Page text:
Swarm hiving

Colony 10 has absconded

Submitted by will on Thu, 05/10/2018 - 06:57

It would appear that the hive which I put Colony 10 into didn't suit them. I checked this morning and they've left.

This isn't a big surprise. Swarms can be actively looking for sites even after they're put into hives. I did open the hive the day after I put them in and saw them mostly stuck to the hive wall. That suggested that they hadn't accepted the hive. I don't know why they didn't like it.

This morning there were 3 or 4 groggy and cold bees still there but it was otherwise empty. I think they may be scouts which were still out when the swarm left.

The unexpected Hive H

Submitted by will on Fri, 06/23/2017 - 07:08

Last night I went to visit my out apiary. As I was pottering around I received a phone call. It's hard to answer when your phone is inside a bee suit.

The call was from the same people who had given me the colony in Hive E. I'd given them some honey and asked for them to call when the feral colony swarmed.

I arrived to find a football sized cluster on their apple tree. They say it's the first swarm of the season - prime swarm.

Caught swarm settling in to Hive G

Submitted by will on Sat, 05/20/2017 - 11:48

I visited my out-apiary this morning to see how the new swarm was doing. I arrived early - about 6am - when the air was still chilly.

There was evidence of comb building on the floor of the hives: wax platelets which are dropped when wax is produced.

I took off the lid and found lots of bees in a strong cluster. I had left out two frames to make room for the swarm when I had hived it the day before. I eased one of these frames in but the bees were too tightly clustered to allow the last frame. I put on a queen excluder and a super and then the lid.

A swarm caught

Submitted by will on Fri, 05/19/2017 - 18:11

Today I caught the swarm which has been hanging next to my out apiary. It happened unexpectedly.

I had been worrying about whether the swarm would settle on the tree and then become a nuisance. The urge to build comb can be very strong so that the bees sometimes build in a place where they can't possibly survive. I saw this late last year when I attempted to recover an established colony which had exposed comb on an apple tree. They had been extensively robbed which must have aggravated the colony.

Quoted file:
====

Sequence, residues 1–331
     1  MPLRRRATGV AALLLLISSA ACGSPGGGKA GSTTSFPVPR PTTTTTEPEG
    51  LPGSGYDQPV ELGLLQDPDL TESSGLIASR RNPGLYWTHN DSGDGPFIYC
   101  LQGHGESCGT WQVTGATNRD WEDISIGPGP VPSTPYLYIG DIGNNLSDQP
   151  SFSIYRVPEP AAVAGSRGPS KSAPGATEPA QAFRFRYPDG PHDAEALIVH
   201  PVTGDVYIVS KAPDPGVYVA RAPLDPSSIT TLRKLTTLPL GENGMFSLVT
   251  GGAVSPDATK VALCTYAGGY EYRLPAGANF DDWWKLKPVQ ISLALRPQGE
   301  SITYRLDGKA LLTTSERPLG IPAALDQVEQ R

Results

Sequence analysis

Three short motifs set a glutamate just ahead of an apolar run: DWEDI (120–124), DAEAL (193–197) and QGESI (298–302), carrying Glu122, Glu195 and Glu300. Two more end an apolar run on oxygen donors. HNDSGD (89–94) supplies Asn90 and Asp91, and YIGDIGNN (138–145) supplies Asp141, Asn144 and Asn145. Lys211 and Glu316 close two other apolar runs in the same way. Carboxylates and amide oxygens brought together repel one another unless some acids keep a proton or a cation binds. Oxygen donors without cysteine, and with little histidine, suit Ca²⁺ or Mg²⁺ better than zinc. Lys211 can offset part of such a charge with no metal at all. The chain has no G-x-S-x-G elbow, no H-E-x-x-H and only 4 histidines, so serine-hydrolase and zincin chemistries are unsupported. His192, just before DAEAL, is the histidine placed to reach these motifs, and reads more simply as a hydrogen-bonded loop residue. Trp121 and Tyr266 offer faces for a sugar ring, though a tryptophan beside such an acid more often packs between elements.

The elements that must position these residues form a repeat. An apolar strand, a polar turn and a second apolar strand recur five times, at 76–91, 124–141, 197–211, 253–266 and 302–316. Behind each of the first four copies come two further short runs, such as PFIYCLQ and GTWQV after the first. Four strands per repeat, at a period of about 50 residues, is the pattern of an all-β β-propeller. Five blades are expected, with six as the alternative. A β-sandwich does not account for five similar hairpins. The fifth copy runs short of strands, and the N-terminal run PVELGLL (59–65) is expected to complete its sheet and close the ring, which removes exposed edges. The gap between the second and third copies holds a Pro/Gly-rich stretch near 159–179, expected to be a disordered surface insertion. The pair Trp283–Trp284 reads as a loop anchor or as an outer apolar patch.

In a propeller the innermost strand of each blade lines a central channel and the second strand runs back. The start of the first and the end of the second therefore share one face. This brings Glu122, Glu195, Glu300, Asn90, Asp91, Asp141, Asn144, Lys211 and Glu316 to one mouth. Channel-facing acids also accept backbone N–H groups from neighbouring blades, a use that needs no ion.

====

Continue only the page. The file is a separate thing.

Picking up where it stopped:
Hive F settling in and shedding lots of Varroa

Submitted by will on Sat, 05/06/2017 - 12:37

I put the a swarm from Helen into Hive F on the evening of 2nd May. I had a look at the entrance and the removable hive floor this morning.

The colony appears to be settling in well, despite the colder May weather. There is shed wax on the removable hive floor; there are bees coming and going. It appears that they've been building comb and orienting themselves to their new area. I didn't look for pollen, but I wouldn't expect to see it this soon anyway.

A bumpy start for Hive F

Submitted by will on Tue, 05/02/2017 - 14:47

I collected a new swarm today from Helen, another low intervention bee keeper who has a Top Bar Hive near the John Radcliffe Hospital. She had kindly caught them in a skep with a sheet under it. Collecting it was simple: tie up the sheet and carry it all away.

The colony from which it comes has been untreated for 2 years. Before that it was intensively managed by a keeper in Wolvercote.

I have placed it in my out-apiary in a new Commercial brood box: Hive F. I'm using frames without foundation, with only the lolly stick guides.

Another new swarm to collect

Submitted by will on Fri, 05/27/2016 - 17:20

I was called a second time to Risinghurst by Judith who gave me my first swarm to collect. The same feral colony had cast a second swarm.

This new swarm was in the neighbour's hedge. Again it was at a low height and very easy to collect. This time I made no mistakes collecting it and then tipped it into the brood box of the hive.

From getting the call to being back at my desk took 2hrs 15mins. Not bad for a swarm catch.

Hiving the bees: Settling in; preventing AFB; minor mistakes

Submitted by will on Thu, 05/26/2016 - 15:51

The NBU Regional Bee Inspector advises not to leave any comb in the hive when hiving new swarms because of the local AFB outbreak. Two days ago I put the bees into the hive but I had to remove several frames. Today I opened the hive and put clean, comb-free frames back in.